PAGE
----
Visiting owl highlights loss of Missouri prairie

6 hours ago
Sebastian Martinez / KBIA

On a cold but clear Saturday evening, with the sun dipping towards the horizon, a group of 20 or so bird watchers assembled at Wah Sha She Prairie, about half an hour north of Joplin. They braved the cold, hoping to see the migratory short-eared owl.

via Flickr user Stephen Cummings

The Iowa caucuses are over, and the nation’s attention turns to New Hampshire. What does Monday’s win mean for Ted Cruz, Donald Trump and Marco Rubio? And, how might a tight race on the Democratic side change the narrative?

Nick Baumann, Huffington Post: “Don’t let the media and Marco Rubio tell you he ‘won’ by finishing third in Iowa

Regional News Coverage from the KBIA Newsroom, including:

Regional News Coverage from the KBIA Newsroom, including:

PERRY, Ga. (AP) — Authorities say a Missouri couple suspected in several Alabama robberies and kidnappings have been spotted in central Georgia, where police have accused them in another crime.

Police in Perry, Georgia, issued an advisory Tuesday about Blake Fitzgerald and Brittany Nicole Harper. Police say the two were involved in an armed robbery and kidnapping about 11 p.m. Monday at a gas station .

Police say the couple was last seen headed south on Interstate 75 in a stolen silver 2010 Ford Edge.

COLUMBIA, Mo. (AP) — A leading bond-rating company is downgrading the outlook of the University of Missouri System's credit rating.

Standard & Poor's announced Monday that the outlook of the four-campus system's AA+ credit rating has dipped from stable to negative. The agency says in a report that maintaining the current rating on the system's facilities revenue bonds will require a "marked improvement in available resources to debt."

MU Helps Students Cope with Sleep Deprivation

12 hours ago

The start of a semester can bring about certain anxieties, issues which in the long run may affect a student's academic results and emotions.

One of these in particular is sleep deprivation, an almost guarantee when one mixes a time to focus with  time to party.

Although lack of sleep can rarely be changed with our hectic schedules, there are opportunities to educate yourself in these issues further.

Missouri lawmakers have turned their scrutiny of public universities toward mandatory student fees and services.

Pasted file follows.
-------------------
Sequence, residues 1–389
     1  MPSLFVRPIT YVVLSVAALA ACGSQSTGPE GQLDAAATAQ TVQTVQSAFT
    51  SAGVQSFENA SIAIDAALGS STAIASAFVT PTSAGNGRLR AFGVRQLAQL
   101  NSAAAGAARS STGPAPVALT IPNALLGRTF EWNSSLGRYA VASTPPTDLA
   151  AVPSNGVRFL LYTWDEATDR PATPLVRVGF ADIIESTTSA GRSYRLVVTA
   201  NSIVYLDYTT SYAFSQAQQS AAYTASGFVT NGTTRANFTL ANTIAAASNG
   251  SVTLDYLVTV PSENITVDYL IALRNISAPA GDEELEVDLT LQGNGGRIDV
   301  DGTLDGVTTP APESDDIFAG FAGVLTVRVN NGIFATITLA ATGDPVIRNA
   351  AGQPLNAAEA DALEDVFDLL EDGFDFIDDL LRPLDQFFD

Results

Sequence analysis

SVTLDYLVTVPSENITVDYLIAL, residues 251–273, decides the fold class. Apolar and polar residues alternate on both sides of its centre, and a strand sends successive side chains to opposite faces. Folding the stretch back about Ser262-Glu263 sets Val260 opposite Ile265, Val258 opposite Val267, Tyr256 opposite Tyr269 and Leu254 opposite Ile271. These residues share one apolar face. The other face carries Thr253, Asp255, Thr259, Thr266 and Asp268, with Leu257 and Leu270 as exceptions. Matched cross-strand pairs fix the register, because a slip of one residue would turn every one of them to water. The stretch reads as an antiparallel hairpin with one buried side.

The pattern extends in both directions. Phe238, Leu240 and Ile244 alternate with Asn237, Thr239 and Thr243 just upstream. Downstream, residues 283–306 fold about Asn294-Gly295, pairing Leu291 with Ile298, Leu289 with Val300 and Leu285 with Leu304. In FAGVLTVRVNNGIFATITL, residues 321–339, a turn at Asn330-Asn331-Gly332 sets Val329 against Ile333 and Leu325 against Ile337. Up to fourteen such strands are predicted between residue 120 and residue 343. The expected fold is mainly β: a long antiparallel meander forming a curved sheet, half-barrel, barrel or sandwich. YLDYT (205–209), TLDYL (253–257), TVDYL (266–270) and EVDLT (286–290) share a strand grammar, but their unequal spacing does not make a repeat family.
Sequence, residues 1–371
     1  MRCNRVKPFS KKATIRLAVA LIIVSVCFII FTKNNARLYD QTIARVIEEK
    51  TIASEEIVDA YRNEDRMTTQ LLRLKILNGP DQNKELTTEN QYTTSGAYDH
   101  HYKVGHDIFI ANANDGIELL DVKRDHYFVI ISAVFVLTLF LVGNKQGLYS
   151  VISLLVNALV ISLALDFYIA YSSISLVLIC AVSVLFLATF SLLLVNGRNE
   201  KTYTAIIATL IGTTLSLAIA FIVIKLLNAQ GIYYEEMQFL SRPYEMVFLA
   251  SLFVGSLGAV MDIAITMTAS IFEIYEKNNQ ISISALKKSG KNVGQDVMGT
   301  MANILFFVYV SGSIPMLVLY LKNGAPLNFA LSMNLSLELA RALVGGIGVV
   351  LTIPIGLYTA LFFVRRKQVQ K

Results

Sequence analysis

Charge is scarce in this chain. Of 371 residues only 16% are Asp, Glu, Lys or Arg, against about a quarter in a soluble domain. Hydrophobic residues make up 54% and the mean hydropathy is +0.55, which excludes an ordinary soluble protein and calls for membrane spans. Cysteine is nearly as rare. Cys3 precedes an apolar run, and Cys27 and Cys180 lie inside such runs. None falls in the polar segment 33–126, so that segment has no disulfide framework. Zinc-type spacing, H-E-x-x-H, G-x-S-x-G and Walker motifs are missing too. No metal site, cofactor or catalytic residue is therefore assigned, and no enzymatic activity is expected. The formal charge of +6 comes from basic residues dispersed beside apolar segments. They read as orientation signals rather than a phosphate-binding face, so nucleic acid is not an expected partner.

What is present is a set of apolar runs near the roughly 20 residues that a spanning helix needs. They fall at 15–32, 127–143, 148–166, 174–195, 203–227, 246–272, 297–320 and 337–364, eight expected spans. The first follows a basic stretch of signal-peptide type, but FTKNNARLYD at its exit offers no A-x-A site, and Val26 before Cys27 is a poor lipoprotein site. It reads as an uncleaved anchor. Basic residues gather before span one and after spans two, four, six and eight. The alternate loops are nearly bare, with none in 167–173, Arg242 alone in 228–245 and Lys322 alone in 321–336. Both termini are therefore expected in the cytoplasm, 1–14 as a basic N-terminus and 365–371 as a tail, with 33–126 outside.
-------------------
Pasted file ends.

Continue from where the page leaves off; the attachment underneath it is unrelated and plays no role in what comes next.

A House panel heard testimony Tuesday on proposals to prohibit universities from requiring students to buy a meal plan or live in campus dormitories.

Rep. Jason Chipman said his legislation is based off his own college experience, not the recent turmoil at the University of Missouri.

Missouri River Relief

Missouri River Relief is a Columbia-based non-profit that has made a name for itself using volunteers to clean up trash - lots of trash - along the Big Muddy. Late last year, the U.S. Environmental Protection Agency awarded the group an Environmental Education Grant. River relief staff Kristen Schulte and Steve Schnarr discussed plans for the award on a recent episode of Thinking Out Loud.

a photo of a low intervention delivery suite
MU Women's and Children's Hospital


This week we’re talking about the new low intervention delivery suites at the University of Missouri Women's and Children's Hospital. Our guests are mother Jill Markijohn, who was the first person to use the suites when they opened in November, Doctor Courtney Barnes, the medical director of the low intervention birth program, and certified nurse midwife Lori Anderson who works at Women’s and Children’s Hospital.  To learn more, listen to our entire show, or read and listen to portions of our interviews below.

Listen to the entire show. 

Claire Banderas / KBIA

Here Say is a project in community storytelling. We travel to a new place each week and ask people to share true stories about things we all experience: love, family, learning and more. To see where we've been, check out our interactive map. And to hear your favorite stories from last season, you can find our free podcast on iTunes.

Today Paul Pepper and LIZ SCHMIDT, League of Women Voters, invite everyone to a couple of events in the near future, including: a town hall this Thursday at the Columbia Public Library and a 'Lunch and Learn' about the Affordable Care Act February 16. (Remember to register by February 17 in order to vote March 15!) At [4:53] "A Chorus Line" director MAGGIE HUNTER tells us what goes into preparing such an iconic show, which opens February 11 at Columbia Entertainment Company! February 2, 2016